Independent claim 1 according to the second auxiliary request reads as follows:

"A method for providing thermal compensation without the use of at least one thermal sensor for a Coriolis flow meter having at least one flow tube; said method comprising the steps of:

recording a time delay Deltat and a drive frequency F from the Coriolis flow meter while recording a mass flow from a master Coriolis flow meter connected in series to the Coriolis flow meter during a calibration phase, and deriving a plurality of calibration constants, wherein during the calibration phase all parameters, except temperature, which have an effect on the flow tube frequency, are held constant;

generating a first signal representing Coriolis deflections of said flow tube;

generating a second signal representing characteristics of said flow meter, wherein said characteristics include the drive frequency F of said Coriolis flow meter as well as an induced time delay Deltat, wherein the first and second signals are generated in a temperature range wherein the Coriolis flow meter's behavior is substantially linear;

characterized by the provision of meter electronics for using said first and said second signals to provide thermal compensation for output signals of said Coriolis flow meter;

receiving a calibrated mass flow rate from a master Coriolis flow meter;

using said first and said second signals and said calibrated mass flow rate to provide said thermal compensation for said Coriolis flow meter;

using said first and said second signals and said calibrated mass flow rate to derive calibration constants for said Coriolis flow meter, wherein said step of deriving said calibration constants includes the step of solving the expression:

FORMULA/TABLE/GRAPHIC 1.10

Where

Deltat Flow induced time delay

Ato Nominal time delay

(m) Mass Flow Rate

F Drive Frequency

Fo Drive Frequency - nominal zero flow

alphaF Linear Frequency constant for zero

a(m) [sic] Coefficient related to FCF

a(m)F [sic] Linear frequency (temp) constant; and

using said calibration constants to provide said thermal compensation for said Coriolis flow meter."

Reasons for the Decision

1. Main request

Claim 1 lacks clarity because it does not define all essential features of the claimed method for providing thermal compensation for a Coriolis flow meter (Article 84 EPC 1973).

1.1 As already pointed out in the board's communication annexed to the summons to oral proceedings, claim 1 attempts to define the claimed subject-matter in terms of the result to be achieved, i.e. "to provide thermal compensation for output signals of said Coriolis flow meter", instead of defining it in terms of technical features responsible for achieving the claimed result (Article 84 EPC 1973).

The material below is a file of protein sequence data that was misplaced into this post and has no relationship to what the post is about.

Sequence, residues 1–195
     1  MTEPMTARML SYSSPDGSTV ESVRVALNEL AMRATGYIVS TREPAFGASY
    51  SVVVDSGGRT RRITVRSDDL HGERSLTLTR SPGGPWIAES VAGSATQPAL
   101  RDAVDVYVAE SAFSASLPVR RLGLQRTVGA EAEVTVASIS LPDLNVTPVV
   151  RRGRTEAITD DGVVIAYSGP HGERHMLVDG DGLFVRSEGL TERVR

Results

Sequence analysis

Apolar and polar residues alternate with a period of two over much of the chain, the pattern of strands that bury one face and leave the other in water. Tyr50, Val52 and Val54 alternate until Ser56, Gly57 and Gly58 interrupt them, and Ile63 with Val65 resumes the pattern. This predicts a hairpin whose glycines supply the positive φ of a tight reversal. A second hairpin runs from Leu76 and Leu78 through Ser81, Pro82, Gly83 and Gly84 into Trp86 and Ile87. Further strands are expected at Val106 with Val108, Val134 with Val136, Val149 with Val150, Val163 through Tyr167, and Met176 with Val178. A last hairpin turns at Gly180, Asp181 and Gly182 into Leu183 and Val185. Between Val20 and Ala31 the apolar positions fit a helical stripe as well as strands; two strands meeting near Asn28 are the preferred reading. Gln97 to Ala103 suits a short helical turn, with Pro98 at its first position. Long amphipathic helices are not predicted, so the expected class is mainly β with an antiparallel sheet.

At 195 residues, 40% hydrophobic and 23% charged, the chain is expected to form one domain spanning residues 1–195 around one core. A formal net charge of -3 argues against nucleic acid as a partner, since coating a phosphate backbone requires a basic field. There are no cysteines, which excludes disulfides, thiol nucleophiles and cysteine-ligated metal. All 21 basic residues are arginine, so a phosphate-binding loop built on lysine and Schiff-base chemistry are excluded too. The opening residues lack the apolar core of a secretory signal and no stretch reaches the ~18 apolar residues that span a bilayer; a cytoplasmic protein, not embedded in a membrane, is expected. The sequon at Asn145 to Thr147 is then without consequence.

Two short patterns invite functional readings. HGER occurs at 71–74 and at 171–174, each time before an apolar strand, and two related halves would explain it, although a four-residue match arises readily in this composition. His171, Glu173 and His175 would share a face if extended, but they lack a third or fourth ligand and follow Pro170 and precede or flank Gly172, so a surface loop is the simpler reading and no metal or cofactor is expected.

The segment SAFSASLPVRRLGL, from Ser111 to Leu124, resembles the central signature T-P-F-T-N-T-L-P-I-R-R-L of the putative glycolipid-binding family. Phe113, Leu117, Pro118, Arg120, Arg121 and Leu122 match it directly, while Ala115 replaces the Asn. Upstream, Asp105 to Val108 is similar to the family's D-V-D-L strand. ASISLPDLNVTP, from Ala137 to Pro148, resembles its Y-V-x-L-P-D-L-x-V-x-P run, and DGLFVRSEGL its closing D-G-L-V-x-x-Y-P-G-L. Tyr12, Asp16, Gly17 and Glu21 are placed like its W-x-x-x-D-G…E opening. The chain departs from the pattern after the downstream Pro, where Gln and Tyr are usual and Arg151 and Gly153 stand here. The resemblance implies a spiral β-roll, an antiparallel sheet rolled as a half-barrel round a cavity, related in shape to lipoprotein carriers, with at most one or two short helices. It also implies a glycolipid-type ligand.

The only steps in claim 1 which are of any relevance for obtaining the claimed result are (i) generating signals representing Coriolis deflections, the drive frequency F as well as an induced time delay Deltat of the flow meter and (ii) providing meter electronics using the signals.

No further information is provided in claim 1. However, these steps have such a broad scope that they are manifestly insufficient to guarantee a thermal compensation for a Coriolis flow meter over the whole scope of claim 1. In other words, essential features for achieving the claimed result are missing in claim 1.

This is contrary to the established jurisprudence of the boards of appeal according to which a claim "must define clearly the object of the invention, that is to say indicate all the essential features thereof. As essential features have to be regarded all features which are necessary to obtain the desired effect or, differently expressed, which are necessary to solve the technical problem with which the application is concerned" (see T 32/82, point 15 of the Reasons).

1.2 According to the application as filed, the invention provides a method and an apparatus for temperature compensation for Coriolis flow meters which avoid the problematic use of thermal sensors (see page 3, lines 12 to 14). In order to achieve this result, a calibration of the Coriolis flow meter must be carried out to derive calibration constants according to equation 1.10. Once the calibration constants are derived, they are used in equation 1.5 to correct the measured flow rate to provide a thermally compensated flow rate. See page 14, line 9 to page 16, line 5; page 18, line 5 to page 19, line 5; figures 10 and 11.

It follows that at least equations 1.5 and 1.10 are essential features missing in present claim 1.

1.3 The appellant presented the following counter-arguments: